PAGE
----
The night market is always entertaining. At the south end of it (towards the Post Office) are some local booths and food stands. Also at that end of the market, in a narrow side street or alleyway, is a set of locally-oriented food stalls. Cheap and quite good (just make sure what you get is completely cooked).
We stayed at Villa Laodeum. It's on a quiet corner, across a side street from the Royal Palace. At the time it was $35 for a double, but is now at $40. You can spend less, of course, both here and in Ha Noi. The Laodeum was charming, though, and locally owned. The owner, Sayvanh, is a very nice fellow, and can arrange tickets for the boat to Tam Ting, etc. One thing we liked about the Laodeum is that it is not in the middle of the main tourist scrum, particularly as regards tak bat, the morning ritual of monks going around to receive food offerings (mainly from local women). Do read all the things posted here and on other websites about this - and what not to do (flash photos in monks's faces, buying food from sellers specifically to give to the monks, etc.)
Oh, one other thing to keep in mind: when flying into Ha Noi, arrange with your hotel to have someone pick you up at Noi Bai Airport. Scams abound there, so it's best to pay your hotel for the pick-up. Someone will be waiting with a sign bearing your name. Much easier that way your first time through the place. It's not a huge airport, but you'll be tired, etc. Speaking of which, and you probably already know this, but you will have to have a visa, or have a visa arranged (the so-called "Visa on Arrival"), prior to arriving in Viet Nam. A Lao visa can be obtained on arrival at Luang Prabang airport (bring a couple of passport photos with you).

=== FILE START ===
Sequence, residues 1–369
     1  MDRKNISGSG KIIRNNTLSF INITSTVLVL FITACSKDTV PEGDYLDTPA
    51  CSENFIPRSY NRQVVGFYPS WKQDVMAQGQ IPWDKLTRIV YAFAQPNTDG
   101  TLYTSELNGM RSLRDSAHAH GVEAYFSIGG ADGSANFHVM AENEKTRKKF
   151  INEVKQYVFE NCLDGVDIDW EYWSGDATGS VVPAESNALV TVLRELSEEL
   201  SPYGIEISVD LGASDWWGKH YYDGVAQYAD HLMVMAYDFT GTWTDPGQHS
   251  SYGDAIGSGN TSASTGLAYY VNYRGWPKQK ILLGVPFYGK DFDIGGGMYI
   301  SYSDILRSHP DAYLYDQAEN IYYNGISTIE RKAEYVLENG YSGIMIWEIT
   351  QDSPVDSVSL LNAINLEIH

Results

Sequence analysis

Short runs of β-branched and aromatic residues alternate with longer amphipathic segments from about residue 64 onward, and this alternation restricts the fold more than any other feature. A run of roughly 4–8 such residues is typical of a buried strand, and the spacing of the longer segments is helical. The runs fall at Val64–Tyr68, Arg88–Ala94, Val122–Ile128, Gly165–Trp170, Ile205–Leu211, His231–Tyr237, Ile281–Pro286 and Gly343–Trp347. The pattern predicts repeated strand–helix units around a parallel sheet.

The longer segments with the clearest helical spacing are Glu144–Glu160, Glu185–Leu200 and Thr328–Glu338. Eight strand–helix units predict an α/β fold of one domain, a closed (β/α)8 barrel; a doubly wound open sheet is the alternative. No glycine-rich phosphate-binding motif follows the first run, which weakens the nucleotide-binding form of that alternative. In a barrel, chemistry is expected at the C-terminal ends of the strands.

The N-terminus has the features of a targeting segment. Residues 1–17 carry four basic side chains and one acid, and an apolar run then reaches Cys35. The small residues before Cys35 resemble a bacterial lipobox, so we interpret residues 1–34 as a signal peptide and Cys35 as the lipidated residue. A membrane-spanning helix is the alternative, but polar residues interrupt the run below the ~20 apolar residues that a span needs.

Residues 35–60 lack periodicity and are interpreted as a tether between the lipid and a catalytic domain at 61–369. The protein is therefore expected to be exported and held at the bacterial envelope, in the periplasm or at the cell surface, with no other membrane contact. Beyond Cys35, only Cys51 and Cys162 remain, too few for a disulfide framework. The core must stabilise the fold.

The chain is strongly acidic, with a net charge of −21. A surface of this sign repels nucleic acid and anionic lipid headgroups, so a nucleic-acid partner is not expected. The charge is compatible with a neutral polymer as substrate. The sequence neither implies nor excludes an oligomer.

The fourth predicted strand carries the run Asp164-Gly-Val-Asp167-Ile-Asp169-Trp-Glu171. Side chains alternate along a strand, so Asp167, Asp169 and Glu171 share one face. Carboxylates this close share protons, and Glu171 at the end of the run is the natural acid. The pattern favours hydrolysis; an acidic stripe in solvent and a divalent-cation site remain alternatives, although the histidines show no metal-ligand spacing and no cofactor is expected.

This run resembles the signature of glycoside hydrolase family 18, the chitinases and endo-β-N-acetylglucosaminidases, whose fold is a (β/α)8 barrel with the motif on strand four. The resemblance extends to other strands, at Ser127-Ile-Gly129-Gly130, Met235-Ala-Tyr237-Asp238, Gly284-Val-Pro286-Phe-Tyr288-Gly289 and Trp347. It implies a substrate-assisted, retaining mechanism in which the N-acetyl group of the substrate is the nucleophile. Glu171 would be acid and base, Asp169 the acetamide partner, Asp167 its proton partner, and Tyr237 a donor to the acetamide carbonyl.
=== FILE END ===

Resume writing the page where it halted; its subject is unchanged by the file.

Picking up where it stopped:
Depending upon when your return flight is, you will still have part or most of day 10 back in Ha Noi, after flying up from LP.
One last thing... By the north side gate into the Royal Palace grounds in LP is a little stand that sells iced Lao coffee. Poured over ice in a plastic bag. Looks odd; tastes great.
#5 Posted: 26/6/2010 - 22:19
17th April, 2007
I say Hanoi needs more like 4+ days. I'm coming in late Nov to both Hanoi and Luang Prabang. Suggest you buy those tickets ASAP - high season = high demand. I bought air tix back in April and now those same cheap tix are gone. I bought SEA-HAN-SEA for $841./Asiana and HAN-LPQ-HAN for $312./Vietnam
#6 Posted: 27/6/2010 - 00:56
Wow, thanks for the tremendously helpful replies.
Archangel: Thanks so much for the tips and suggestions--you've painted such a lovely picture, I don't know how I'll concentrate for the next five months! And many thanks for the airport pick-up and visa info; I know this stuff is in the guidebooks, which I've been sifting through, but it helps to have an experienced traveler sum things up. We're planning to stay at one of the Hanoi Elegance hotels and a friend recommended Villa Saykham in LP, but I will look into Laodeum as well. I had read about Green Tangerine online , in case anyone else is interested) and it sounds great, but nowhere could I read about the iced coffee stand in LP. Again, thanks!
Daawgon: Yikes. I had noticed this on Kayak, etc. We will get on this this week...hope you have a wonderful trip!
#7 Posted: 27/6/2010 - 02:08
Oops, the URL I included was deleted. Here it is (I hope): savourasia.com
#8 Posted: 27/6/2010 - 02:10
I agree with Daawgon ... don't wait too long to get your tickets. Keep an eye on fares between HAN and LPQ also. They don't fluctuate as much, but still a good ideas.
As to how many days and where, do a lot of research and decide for yourself. Some people couldn't stand two days in Luang Prabang, much less six. Same with Ha Noi. It depends upon what you like to do and see, et cetera. I love Ha Noi, but it is a large, noisy, kinetic city. Which is part of what gives it life and makes it intriguing ... and the polar opposite of Luang Prabang. Well, almost polar opposite. I guess Manhattan is more like the direct opposite of LP.
Oh, and thanks for the angelic appellation. I'm just a Michael, though, not an angel. Ask anyone........
#9 Posted: 27/6/2010 - 05:16
Mea culpa, Archmichael. The hazards of typing while watching a baby!
#10 Posted: 27/6/2010 - 10:30
Oh! Typing while watching a baby! No problem. Not a ticketable offense.
Be well ... travel safe ... have fun.
#11 Posted: 27/6/2010 - 10:53